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Curcuma DMSO extracts and curcumin exhibit an anti-inflammatory and anti-catabolic effect on human intervertebral disc cells, possibly by influencing TLR2 expression and JNK activity
Journal of Inflammationvolume 9, Article number: 29 (2012)
As proinflammatory cytokines seem to play a role in discogenic back pain, substances exhibiting anti-inflammatory effects on intervertebral disc cells may be used as minimal-invasive therapeutics for intradiscal/epidural injection. The purpose of this study was to investigate the anti-inflammatory and anti-catabolic potential of curcuma, which has been used in the Indian Ayurvedic medicine to treat multiple ailments for a long time.
Human disc cells were treated with IL-1β to induce an inflammatory/catabolic cascade. Different extracts of curcuma as well as curcumin (= a component selected based on results with curcuma extracts and HPLC/MS analysis) were tested for their ability to reduce mRNA expression of proinflammatory cytokines and matrix degrading enzymes after 6 hours (real-time RT-PCR), followed by analysis of typical inflammatory signaling mechanisms such as NF-κB (Western Blot, Transcription Factor Assay), MAP kinases (Western Blot) and Toll-like receptors (real-time RT-PCR). Quantitative data was statistically analyzed using a Mann Whitney U test with a significance level of p < 0.05 (two-tailed).
Results indicate that the curcuma DMSO extract significantly reduced levels of IL-6, MMP1, MMP3 and MMP13. The DMSO-soluble component curcumin, whose occurrence within the DMSO extract was verified by HPLC/MS, reduced levels of IL-1β, IL-6, IL-8, MMP1, MMP3 and MMP13 and both caused an up-regulation of TNF-α. Pathway analysis indicated that curcumin did not show involvement of NF-κB, but down-regulated TLR2 expression and inhibited the MAP kinase JNK while activating p38 and ERK.
Based on its anti-inflammatory and anti-catabolic effects, intradiscal injection of curcumin may be an attractive treatment alternative. However, whether the anti-inflammatory properties in vitro lead to analgesia in vivo will need to be confirmed in an appropriate animal model.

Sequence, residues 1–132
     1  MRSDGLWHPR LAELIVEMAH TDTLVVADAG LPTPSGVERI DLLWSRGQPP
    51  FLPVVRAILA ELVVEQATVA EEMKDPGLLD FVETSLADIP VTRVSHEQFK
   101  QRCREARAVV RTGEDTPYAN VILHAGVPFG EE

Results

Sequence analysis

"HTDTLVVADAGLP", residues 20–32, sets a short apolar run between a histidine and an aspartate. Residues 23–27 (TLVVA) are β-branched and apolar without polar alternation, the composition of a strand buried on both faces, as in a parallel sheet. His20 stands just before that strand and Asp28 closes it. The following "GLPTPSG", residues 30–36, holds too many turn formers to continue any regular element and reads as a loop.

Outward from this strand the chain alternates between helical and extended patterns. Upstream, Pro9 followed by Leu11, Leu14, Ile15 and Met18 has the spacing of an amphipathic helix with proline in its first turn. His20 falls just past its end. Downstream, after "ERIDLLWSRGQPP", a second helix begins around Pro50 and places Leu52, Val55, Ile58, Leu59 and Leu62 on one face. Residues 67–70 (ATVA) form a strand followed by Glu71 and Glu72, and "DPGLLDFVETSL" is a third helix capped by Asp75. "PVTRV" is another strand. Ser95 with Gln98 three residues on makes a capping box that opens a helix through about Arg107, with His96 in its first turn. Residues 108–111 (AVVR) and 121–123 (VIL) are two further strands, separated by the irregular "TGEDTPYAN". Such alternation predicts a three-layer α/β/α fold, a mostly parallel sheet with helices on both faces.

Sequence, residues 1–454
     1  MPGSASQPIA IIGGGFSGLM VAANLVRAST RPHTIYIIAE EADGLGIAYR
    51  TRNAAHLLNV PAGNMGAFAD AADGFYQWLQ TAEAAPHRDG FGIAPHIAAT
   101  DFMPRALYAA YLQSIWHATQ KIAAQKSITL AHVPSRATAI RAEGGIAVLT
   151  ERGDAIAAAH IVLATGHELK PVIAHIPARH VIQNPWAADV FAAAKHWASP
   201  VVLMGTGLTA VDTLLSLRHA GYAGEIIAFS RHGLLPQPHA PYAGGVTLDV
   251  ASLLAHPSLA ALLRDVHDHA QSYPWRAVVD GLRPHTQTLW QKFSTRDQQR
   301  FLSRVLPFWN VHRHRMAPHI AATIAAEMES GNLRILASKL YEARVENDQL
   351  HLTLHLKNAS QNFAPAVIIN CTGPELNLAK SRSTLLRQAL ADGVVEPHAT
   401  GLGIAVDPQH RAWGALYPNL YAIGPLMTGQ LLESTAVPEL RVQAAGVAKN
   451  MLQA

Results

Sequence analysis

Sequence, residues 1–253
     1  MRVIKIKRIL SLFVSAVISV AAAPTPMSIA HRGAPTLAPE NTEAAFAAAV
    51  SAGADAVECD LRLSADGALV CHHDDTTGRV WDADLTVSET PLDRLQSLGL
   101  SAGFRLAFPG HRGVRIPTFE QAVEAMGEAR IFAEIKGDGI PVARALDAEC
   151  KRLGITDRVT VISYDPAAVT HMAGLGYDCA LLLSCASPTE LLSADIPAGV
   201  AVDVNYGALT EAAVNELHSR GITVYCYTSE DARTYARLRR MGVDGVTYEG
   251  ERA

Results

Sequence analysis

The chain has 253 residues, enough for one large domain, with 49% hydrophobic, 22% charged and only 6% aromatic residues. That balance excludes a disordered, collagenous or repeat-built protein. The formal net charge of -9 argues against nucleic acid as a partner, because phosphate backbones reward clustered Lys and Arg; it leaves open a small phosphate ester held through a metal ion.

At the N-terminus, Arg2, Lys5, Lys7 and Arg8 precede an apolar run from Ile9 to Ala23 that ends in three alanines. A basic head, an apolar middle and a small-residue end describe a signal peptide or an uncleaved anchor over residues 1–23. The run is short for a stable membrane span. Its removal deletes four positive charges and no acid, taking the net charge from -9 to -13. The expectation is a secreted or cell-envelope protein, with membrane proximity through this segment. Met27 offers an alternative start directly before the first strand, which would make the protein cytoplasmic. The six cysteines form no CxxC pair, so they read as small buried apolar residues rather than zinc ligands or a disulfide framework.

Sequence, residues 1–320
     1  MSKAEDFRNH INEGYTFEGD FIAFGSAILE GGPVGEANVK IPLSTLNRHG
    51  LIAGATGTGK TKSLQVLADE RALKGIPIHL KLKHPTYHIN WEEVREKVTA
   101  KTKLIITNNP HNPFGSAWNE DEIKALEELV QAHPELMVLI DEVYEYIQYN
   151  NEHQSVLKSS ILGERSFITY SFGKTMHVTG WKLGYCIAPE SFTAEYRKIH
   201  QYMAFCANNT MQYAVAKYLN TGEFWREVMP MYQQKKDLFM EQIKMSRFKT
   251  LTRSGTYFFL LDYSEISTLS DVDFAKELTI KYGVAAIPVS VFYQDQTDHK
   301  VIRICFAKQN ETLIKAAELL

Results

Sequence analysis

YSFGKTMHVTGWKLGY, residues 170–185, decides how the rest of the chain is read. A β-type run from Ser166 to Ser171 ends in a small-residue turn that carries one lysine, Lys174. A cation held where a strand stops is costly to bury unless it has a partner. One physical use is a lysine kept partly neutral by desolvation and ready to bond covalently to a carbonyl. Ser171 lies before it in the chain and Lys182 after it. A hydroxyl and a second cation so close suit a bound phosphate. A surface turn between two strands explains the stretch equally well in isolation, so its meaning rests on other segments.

Degeneration of the intervertebral disc is characterized by enhanced proteolytic degradation of extracellular matrix proteins as well as altered matrix protein synthesis. This overall catabolic shift leads to changes in the tissue structure that have been extensively described in the literature[1–7]. Although large structural changes can be observed during degeneration, this age-related process does not necessarily cause pain symptoms.
There is certain evidence in the literature that in a subgroup of patients, painful disc degeneration is characterized by increased levels of proinflammatory cytokines, e.g. interleukin 1β (IL-1β), interleukin 6 (IL-6), interleukin 8 (IL-8) and tumor necrosis factor α (TNF-α)[6, 8–11]. Although proinflammatory mediators seem to play a crucial role in intervertebral disc diseases, little is known about inflammatory pathways in intervertebral disc cells. Results from studies on the pathogenesis of cartilage degeneration indicate that proinflammatory processes are mostly regulated by the transcription factor NF-κB, whose activity is tightly regulated in vivo, e.g. by activation of the so-called Toll-like receptors (TLRs). Another important inflammatory pathway is the MAP kinase pathway that consists of a family of protein kinases with the major members being p38, ERK and JNK[14, 15]. Due to the lack of knowledge concerning the molecular events underlying discogenic back pain, treatment of painful disc disease is currently limited, with typical options for the patient being conservative treatment (e.g. physiotherapy) and oral pain medication, both of which often only have a temporary effect. Other options are various types of surgical interventions, but these lead to high risks for the patients and high costs for the health care systems. Therefore, research in the most recent past has concentrated on the development of minimal-invasive, yet effective new treatment options, covering approaches from cell and gene therapy to anti-inflammatory substances for intradiscal injection. Currently, corticosteroidal substances are frequently used, which are known to have a significant risk for side effects and may cause disc space infections. Although research on biodrugs with regard to spinal diseases is yet rare, these novel anti-inflammatory candidates could potentially benefit patients with discogenic back pain.